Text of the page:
Dambulla cave temple also known as the Golden Temple of Dambulla is a World Heritage Site in Sri Lanka.
A brief history
The Dambulla cave monastery is still functional and remains the best-preserved ancient edifice in Sri Lanka. This complex dates from the third and second centuries BC, when it was already established as one of the largest and most important monasteries. Valagamba of Anuradhapura is traditionally thought to have converted the caves into a temple in the first century BC. Exiled from Anuradhapura, he sought refuge here from South Indian usurpers for 15 years. After reclaiming his capital, the King built a temple in thankful worship. Many other kings added to it later and by the 11th century, the caves had become a major religious centre and still are. Nissanka Malla of Polonnaruwa gilded the caves and added about 70 Buddha statues in 1190. During the 18th century, the caves were restored and painted by the Kingdom of Kandy.
The five caves
The temple is composed of five caves of varying size and magnificence. The caves, built at the base of a 150m high rock during the Anuradhapura (1st century BC to 993 AD) and Polonnaruwa times (1073 to 1250), are by far the most impressive of the many cave temples found in Sri Lanka. Access is along the gentle slope of the Dambulla Rock, offering a panoramic view of the surrounding flat lands, which includes the rock fortress Sigiriya, 19 km away. Dusk brings hundreds of swooping swallows to the cave entrance. The largest cave measures about 52m from east to west, and 23m from the entrance to the back, this spectacular cave is 7m tall at its highest point. Hindu deities are also represented here, as are the kings Valagamba and Nissankamalla, and Ananda - the Buddha's most devoted disciple.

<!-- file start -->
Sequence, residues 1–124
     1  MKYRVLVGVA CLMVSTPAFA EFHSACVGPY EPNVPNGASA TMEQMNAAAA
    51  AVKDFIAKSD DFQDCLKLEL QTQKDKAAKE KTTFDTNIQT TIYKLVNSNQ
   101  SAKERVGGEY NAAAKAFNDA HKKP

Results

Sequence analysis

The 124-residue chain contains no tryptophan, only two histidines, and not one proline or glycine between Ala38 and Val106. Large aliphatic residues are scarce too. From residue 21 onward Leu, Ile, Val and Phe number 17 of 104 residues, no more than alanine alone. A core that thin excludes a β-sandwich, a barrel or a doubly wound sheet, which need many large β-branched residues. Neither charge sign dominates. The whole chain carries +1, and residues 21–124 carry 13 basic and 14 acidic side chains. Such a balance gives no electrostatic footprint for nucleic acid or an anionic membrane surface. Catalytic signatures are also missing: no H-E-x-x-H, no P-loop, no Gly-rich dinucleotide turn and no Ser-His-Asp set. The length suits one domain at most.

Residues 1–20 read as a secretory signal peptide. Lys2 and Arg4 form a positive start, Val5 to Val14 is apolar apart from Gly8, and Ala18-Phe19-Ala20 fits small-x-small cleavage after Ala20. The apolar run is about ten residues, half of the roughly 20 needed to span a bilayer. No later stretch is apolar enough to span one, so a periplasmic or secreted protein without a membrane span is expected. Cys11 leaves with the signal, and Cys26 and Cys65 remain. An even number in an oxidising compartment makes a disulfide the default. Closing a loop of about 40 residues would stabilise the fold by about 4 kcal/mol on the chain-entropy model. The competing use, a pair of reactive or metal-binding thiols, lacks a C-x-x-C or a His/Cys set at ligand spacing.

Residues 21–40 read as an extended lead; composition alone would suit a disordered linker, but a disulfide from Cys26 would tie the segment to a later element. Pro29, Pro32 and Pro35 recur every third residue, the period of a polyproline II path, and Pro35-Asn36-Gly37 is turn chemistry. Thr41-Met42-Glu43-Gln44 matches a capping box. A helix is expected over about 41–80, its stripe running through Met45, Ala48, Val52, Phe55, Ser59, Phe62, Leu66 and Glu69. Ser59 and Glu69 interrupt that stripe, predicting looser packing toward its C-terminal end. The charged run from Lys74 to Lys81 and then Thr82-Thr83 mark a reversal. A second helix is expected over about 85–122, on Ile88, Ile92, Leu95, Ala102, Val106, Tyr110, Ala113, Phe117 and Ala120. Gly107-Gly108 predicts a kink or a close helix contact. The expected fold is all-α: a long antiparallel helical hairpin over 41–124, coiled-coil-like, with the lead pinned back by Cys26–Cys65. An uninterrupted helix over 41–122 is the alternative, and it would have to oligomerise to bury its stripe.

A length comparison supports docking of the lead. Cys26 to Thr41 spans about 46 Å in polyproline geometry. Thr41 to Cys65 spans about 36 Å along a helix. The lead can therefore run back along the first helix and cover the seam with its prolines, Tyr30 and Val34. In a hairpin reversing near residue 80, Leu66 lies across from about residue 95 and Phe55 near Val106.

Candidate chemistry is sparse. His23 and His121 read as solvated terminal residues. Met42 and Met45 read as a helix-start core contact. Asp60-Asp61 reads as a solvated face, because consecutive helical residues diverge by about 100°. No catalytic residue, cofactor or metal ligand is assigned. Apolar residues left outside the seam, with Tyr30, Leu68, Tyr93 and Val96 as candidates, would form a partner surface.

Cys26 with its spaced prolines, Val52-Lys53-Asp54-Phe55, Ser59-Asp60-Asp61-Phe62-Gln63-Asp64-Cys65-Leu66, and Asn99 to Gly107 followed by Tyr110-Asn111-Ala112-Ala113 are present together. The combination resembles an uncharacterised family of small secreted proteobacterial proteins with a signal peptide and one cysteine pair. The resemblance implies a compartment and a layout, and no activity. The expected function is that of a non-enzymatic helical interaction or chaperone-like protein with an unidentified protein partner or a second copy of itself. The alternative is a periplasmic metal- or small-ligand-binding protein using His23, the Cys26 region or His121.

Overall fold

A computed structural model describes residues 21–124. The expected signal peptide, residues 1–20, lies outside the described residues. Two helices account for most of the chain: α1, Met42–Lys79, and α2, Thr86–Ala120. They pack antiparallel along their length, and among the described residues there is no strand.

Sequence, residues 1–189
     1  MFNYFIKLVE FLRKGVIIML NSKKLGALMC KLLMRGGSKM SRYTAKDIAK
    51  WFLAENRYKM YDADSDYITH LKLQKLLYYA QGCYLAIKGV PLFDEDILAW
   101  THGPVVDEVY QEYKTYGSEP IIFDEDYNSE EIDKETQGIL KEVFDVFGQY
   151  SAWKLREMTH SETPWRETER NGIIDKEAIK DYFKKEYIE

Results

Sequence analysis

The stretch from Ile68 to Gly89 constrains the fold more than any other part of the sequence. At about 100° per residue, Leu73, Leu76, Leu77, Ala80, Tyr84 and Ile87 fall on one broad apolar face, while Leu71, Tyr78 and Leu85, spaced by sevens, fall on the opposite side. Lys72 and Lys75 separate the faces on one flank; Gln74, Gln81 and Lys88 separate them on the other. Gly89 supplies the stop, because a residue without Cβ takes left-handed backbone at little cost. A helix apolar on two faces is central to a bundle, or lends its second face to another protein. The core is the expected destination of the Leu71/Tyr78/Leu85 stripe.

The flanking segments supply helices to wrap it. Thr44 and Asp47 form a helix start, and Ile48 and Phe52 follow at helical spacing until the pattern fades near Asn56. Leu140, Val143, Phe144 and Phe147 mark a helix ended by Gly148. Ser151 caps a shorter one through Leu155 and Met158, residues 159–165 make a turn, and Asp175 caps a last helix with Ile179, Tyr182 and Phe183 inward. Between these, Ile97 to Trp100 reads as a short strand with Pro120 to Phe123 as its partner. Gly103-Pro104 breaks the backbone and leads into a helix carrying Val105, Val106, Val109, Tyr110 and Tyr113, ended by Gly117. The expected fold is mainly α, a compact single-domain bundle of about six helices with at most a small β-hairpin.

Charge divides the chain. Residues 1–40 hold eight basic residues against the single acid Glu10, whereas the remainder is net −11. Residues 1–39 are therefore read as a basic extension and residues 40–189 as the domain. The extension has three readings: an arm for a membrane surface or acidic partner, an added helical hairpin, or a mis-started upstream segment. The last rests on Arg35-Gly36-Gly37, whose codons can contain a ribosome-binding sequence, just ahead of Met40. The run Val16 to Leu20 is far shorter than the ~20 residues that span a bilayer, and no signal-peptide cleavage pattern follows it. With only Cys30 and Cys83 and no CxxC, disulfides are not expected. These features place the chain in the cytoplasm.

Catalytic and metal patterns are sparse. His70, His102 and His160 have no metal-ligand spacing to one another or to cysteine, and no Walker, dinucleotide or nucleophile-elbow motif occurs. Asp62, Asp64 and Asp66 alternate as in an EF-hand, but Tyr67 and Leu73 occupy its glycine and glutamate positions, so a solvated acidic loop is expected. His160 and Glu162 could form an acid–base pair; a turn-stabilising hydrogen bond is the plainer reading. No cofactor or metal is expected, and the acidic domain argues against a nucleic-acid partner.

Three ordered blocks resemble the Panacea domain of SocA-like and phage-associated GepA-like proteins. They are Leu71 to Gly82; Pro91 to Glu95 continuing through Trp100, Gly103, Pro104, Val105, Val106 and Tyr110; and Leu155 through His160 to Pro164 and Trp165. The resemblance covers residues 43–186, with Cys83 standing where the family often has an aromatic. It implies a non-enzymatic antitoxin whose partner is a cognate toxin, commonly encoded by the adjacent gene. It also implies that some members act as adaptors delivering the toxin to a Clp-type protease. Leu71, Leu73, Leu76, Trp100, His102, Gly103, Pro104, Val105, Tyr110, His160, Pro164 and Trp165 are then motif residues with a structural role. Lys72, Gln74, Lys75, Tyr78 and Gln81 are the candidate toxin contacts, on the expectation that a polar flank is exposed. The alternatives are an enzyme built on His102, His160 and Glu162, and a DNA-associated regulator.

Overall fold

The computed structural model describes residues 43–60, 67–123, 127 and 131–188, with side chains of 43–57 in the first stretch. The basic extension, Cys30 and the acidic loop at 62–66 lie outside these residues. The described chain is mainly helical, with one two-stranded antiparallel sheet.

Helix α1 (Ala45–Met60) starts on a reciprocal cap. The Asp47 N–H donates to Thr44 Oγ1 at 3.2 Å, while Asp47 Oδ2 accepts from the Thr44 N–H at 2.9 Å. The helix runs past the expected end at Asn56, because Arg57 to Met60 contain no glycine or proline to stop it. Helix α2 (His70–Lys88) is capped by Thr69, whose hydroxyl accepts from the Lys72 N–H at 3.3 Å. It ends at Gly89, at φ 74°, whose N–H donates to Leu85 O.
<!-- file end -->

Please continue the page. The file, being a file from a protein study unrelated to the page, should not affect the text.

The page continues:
Cave of the Divine King
The first cave is called Devaraja lena (lena in sinhalese meaning cave), or "Cave of the Divine King." An account of the founding of the monastery is recorded in a 1st-century Brahmi inscription over the entrance to the first cave. This cave is dominated by the 14-meter statue of the Buddha, hewn out of the rock. It has been repainted countless times in the course of its history, and probably received its last coat of paint in the 20th century. At his feet is Buddha's favorite pupil, Ananda; at his head, Vishnu, said to have used his divine powers to create the caves.
Cave of the Great Kings
In the second and largest cave, in addition to 16 standing and 40 seated statues of Buddha, are the gods Saman and Vishnu, which pilgrims often decorate with garlands, and finally statues of King Vattagamani Abhaya, who honored the monastery in the 1st century BC., and King Nissanka Malla, responsible in the 12th century for the gilding of 50 statues, as indicated by a stone inscription near the monastery entrance. This cave is accordingly called Maharaja lena, "Cave of the Great Kings." The Buddha statue hewn out of the rock on the left side of the room is escorted by wooden figures of the Bodhisattvas Maitreya and Avalokiteshvara or Natha. There is also a dagoba and a spring which drips its water, said to have healing powers, out of a crack in the ceiling. Distinctive tempera paintings on the cave ceiling dating from the 18th century depict scenes from Buddha's life, from the dream of Mahamaya to temptation by the demon Mara. Further pictures relate important events from the country's history.